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Crystal Growth and Fabrication Process Technologies for Compound Semiconductor Devices


Ultrahigh-speed integrated circuits (ICs) and photodiodes for transceivers and receivers (TRx) are required for future large-capacity optical telecommunications and data-communications systems. Our research group investigates InP-based heterojunction bipolar transistors (HBTs) and avalanche photodiodes (APDs) for future optical network sysytems. Utilizing our long experience in research on optical communications systems, we also focus on InP-based high electron mobility transistors (HEMTs) for applications in the terahertz region as well as on GaN-based materials for high-power applications.


InP- or GaN-based compound semiconductors have higher electron mobility, higher saturation electron velocity, and higher breakdown voltage compared to Si. Owing to these excellent electrical properties, electron devices based on these compound semiconductors can provide higher switching speeds, lower power consumption, and higher power operation.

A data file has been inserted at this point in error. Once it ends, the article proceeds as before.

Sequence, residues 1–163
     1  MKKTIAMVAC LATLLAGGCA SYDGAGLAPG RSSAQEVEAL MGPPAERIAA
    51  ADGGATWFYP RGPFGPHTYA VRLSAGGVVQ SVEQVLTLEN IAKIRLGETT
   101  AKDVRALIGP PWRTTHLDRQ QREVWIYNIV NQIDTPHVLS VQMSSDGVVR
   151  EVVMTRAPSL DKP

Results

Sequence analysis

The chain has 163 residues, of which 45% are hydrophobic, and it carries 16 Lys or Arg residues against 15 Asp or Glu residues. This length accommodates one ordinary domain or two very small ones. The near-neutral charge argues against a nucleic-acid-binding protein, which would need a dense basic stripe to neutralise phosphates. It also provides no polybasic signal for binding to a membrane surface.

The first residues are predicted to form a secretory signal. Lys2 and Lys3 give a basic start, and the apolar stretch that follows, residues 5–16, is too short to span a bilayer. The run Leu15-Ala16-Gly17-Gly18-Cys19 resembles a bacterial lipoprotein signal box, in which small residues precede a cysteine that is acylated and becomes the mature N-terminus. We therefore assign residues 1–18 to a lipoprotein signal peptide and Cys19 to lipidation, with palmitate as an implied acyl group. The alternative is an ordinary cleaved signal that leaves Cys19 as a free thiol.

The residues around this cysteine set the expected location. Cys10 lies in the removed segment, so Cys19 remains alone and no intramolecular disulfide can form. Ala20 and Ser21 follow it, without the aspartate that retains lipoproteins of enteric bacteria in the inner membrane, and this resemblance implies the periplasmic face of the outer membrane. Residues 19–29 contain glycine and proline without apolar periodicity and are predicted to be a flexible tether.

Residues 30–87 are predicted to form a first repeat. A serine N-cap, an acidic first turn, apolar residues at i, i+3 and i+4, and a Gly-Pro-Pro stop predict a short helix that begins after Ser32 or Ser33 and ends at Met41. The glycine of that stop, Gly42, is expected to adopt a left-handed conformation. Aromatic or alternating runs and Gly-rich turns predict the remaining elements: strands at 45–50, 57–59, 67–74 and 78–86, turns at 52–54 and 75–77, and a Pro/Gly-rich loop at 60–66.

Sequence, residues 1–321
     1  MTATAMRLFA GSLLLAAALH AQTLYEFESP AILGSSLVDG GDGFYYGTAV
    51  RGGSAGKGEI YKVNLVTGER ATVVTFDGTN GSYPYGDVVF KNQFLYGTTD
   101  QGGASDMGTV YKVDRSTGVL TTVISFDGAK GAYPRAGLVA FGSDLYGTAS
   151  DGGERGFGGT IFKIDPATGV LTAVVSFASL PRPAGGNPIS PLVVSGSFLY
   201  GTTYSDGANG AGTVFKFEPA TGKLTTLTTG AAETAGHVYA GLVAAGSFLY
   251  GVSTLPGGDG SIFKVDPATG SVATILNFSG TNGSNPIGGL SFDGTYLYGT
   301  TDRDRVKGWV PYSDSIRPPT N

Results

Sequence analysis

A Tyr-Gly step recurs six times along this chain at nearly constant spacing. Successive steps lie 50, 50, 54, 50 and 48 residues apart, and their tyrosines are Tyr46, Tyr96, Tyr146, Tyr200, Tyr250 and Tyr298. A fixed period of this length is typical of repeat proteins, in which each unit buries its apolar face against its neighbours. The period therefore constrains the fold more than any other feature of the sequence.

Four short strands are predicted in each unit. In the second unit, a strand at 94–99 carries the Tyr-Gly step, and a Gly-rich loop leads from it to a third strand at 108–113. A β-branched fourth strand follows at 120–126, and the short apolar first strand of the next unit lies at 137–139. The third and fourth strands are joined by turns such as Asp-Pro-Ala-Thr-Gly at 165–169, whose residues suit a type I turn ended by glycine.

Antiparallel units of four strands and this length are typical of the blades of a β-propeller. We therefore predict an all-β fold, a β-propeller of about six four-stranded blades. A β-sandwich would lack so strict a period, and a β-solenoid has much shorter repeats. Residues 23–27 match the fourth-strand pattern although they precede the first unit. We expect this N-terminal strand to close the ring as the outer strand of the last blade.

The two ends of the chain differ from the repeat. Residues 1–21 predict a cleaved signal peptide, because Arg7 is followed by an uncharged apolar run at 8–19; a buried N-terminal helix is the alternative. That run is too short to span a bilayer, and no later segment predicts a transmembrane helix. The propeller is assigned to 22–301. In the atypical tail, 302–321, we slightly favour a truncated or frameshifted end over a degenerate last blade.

The full device cycle, including epitaxial growth, device fabrication, and measurement, is performed within our research group’s facilities. Furthermore, in collaboration with other research groups at NTT Laboratories, ICs and comprehensive modules are fabricated based on our devices. For example, we have successfully demonstrated the world’s largest multiplied responsivity bandwidth of 168 GHz·A/W for APDs and ft and fmax over 500 GHz for HBTs with 0.2-µm emitter width.


We are working towards creating innovative device technologies to use the material advantages of compound semiconductors. Our target applications include over-100-Gbit/s large-capacity optical communications systems, ultra-broadband wireless communications systems or imaging sensors that use terahertz frequencies, and ultralow-loss power inverters with GaN-based devices.

Figure 1


: Heterojunction Bipolar Transistor
: Avalanche Photo Diode
: High mobility Electron Transistor
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